USADA responds to Dutch report, says attempts to guess at witnesses can lead to errors or intimidation
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Thursday, July 5, 2012

USADA responds to Dutch report, says attempts to guess at witnesses can lead to errors or intimidation

by Shane Stokes at 10:31 AM EST   comments
Categories: Pro Cycling, Doping
 
Tygart states that attempts to ‘bully or silence people who may or may not be witnesses cannot be tolerated.’

US Anti Doping Agency chief Travis Tygart has responded to the Telesport article naming what it states are five witness who have given evidence in the US Postal Service team investigation, saying that such an action allows errors to be made and intimidation to happen.

“USADA's investigation into doping in the sport of cycling continues,” he said in a statement sent to VeloNation. “No individual cases have been finalized, and any attempt to guess at whom potential witnesses might be only leads to inaccurate information being reported and subjects those named to unnecessary scrutiny, threats and intimidation.”

According to the Telesport story, George Hincapie (BMC Racing Team), Levi Leipheimer (Omega Pharma Quick Step), the Garmin-Sharp riders Dave Zabriskie and Christian Vande Velde plus Jonathan Vaughters have given evidence to USADA.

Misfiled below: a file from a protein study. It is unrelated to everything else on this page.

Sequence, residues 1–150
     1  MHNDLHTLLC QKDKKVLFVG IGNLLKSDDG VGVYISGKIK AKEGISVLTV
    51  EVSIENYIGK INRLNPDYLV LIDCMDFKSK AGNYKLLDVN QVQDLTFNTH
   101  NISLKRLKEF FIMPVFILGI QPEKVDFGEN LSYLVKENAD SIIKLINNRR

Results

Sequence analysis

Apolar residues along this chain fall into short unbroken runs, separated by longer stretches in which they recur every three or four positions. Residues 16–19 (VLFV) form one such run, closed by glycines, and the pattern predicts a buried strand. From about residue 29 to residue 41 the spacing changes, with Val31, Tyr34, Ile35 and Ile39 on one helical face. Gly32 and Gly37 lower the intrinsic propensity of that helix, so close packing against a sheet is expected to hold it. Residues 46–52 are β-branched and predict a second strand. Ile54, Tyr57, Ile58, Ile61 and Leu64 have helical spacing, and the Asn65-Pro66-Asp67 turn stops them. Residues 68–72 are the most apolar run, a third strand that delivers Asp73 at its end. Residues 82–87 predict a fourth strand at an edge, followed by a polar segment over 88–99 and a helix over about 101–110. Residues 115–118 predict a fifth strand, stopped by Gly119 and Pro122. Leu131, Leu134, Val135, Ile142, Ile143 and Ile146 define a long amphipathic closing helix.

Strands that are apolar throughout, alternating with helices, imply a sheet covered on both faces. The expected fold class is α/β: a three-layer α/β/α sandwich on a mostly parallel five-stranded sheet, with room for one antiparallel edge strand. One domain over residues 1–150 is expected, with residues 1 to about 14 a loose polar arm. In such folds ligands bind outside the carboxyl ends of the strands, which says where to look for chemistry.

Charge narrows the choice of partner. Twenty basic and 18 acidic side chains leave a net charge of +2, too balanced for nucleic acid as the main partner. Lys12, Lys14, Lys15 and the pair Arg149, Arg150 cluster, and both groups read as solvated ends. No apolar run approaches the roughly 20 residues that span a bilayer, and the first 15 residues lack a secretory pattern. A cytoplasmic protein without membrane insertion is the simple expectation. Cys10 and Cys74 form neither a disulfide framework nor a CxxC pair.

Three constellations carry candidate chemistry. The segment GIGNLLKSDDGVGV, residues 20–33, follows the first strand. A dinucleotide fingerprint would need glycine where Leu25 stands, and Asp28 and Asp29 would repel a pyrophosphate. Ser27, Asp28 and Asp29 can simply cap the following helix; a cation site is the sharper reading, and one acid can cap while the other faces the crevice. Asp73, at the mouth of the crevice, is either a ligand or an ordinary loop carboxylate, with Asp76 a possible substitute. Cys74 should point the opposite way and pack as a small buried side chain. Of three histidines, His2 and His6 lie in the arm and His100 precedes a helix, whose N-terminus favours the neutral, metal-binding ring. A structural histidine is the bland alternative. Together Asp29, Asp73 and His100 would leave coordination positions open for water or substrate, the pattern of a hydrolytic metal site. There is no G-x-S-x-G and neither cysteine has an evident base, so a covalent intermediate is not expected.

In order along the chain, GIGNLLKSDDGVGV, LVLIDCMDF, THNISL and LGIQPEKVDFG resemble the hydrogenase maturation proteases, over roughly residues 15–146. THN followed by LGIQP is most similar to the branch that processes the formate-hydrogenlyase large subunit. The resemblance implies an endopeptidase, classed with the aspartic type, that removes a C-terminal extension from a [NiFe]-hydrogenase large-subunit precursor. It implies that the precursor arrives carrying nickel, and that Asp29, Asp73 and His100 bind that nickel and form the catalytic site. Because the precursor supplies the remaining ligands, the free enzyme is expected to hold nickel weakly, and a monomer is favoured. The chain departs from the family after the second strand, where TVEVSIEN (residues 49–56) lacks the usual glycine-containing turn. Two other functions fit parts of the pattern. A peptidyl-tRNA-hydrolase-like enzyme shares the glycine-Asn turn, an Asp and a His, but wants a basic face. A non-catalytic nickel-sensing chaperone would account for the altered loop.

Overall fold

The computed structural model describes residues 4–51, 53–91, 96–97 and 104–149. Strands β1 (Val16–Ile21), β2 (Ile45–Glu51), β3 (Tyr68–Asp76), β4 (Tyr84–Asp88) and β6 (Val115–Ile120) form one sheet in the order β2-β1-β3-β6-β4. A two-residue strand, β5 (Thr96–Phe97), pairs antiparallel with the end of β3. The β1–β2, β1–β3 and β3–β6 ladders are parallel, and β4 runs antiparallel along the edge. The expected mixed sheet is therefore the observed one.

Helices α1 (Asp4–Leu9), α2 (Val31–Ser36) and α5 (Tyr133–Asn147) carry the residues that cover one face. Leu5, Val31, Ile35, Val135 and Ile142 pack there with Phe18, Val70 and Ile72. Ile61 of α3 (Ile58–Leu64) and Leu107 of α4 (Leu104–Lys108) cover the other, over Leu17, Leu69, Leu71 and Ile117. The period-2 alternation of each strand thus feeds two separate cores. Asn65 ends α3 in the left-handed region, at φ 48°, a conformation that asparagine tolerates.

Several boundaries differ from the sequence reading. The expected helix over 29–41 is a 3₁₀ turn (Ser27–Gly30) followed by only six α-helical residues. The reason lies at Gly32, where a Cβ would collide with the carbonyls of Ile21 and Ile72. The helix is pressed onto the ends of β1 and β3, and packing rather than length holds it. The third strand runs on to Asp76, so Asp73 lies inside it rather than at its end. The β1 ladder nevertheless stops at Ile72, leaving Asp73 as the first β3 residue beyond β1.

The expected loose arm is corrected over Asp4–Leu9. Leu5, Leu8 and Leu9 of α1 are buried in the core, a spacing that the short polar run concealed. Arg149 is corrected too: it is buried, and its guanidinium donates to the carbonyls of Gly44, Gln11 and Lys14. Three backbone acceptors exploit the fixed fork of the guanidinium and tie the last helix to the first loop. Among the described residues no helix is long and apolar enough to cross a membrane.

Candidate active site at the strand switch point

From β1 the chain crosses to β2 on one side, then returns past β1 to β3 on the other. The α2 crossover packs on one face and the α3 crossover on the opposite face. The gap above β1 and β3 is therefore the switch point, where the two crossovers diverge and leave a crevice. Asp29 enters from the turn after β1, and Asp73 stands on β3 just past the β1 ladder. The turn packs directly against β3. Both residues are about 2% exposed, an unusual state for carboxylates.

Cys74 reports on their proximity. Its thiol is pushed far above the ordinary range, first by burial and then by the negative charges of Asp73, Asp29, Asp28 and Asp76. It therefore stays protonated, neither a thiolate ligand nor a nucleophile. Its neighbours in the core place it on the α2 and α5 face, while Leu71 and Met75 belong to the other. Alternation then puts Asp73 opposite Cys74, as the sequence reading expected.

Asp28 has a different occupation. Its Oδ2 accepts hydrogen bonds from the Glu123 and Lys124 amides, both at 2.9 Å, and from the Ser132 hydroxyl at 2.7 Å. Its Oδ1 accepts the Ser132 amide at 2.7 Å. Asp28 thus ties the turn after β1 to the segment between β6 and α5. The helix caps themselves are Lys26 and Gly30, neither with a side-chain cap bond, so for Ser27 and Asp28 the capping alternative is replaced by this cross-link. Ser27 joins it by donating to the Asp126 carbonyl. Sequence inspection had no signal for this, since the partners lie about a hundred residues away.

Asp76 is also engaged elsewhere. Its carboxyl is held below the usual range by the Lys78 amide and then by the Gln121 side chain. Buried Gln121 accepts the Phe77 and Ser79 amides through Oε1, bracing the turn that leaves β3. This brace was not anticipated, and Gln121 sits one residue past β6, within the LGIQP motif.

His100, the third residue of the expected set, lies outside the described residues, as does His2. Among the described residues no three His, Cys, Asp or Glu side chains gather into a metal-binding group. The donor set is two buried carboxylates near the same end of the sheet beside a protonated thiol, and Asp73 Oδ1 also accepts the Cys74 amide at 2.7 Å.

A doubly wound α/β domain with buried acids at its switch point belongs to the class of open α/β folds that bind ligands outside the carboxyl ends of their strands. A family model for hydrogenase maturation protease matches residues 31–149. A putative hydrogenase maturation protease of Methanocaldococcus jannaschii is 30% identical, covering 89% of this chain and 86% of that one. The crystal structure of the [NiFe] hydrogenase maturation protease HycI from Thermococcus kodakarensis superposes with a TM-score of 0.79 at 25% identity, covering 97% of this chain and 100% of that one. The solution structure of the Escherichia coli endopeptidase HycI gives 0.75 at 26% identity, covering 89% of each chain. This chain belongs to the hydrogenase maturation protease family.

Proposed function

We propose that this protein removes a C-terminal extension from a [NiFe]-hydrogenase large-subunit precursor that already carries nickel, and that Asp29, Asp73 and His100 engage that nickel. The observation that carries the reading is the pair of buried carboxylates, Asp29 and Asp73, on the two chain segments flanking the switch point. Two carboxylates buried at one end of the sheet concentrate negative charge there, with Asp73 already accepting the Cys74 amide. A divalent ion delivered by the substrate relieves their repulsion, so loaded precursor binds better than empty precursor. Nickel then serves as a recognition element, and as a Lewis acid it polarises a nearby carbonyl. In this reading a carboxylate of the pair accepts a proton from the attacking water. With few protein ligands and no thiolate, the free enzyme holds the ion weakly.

Hincapie and Leipheimer both declined to comment about the case today, while Vaughters reaffirmed his team’s commitment to clean racing and said that he encouraged anyone with information to speak honestly about it.

Telesport attributed the information to an unnamed source, and claimed they will be given reduced six month sanctions, starting September. Vaughters has rejected this as being untrue.

If the five are indeed witnesses in the case, their naming puts pressure on them during what is their most important competitive period of the year.

USADA has sought to limit any identification of the witnesses and also of the evidence that they have gathered. Lance Armstrong, who is one of six who has been charged with serious doping offences, and his legal team have been pushing to try to get more information of that evidence, as well as the identities of all of the witnesses.

USADA’s review board last week declared that it had decided unanimously to proceed with the charges. It previously spoke about concerns of witness intimidation, something which Tygart echoed today.

“It is important to remember that the truth would often be suppressed without witnesses who at great cost to themselves are willing to tell the truth under oath about what they saw and experienced,” he stated. “Any attempt to circumvent the proper procedures in order to bully or silence people who may or may not be witnesses cannot be tolerated.”

The case will likely move to an arbitration hearing, which USADA states should be concluded by November.

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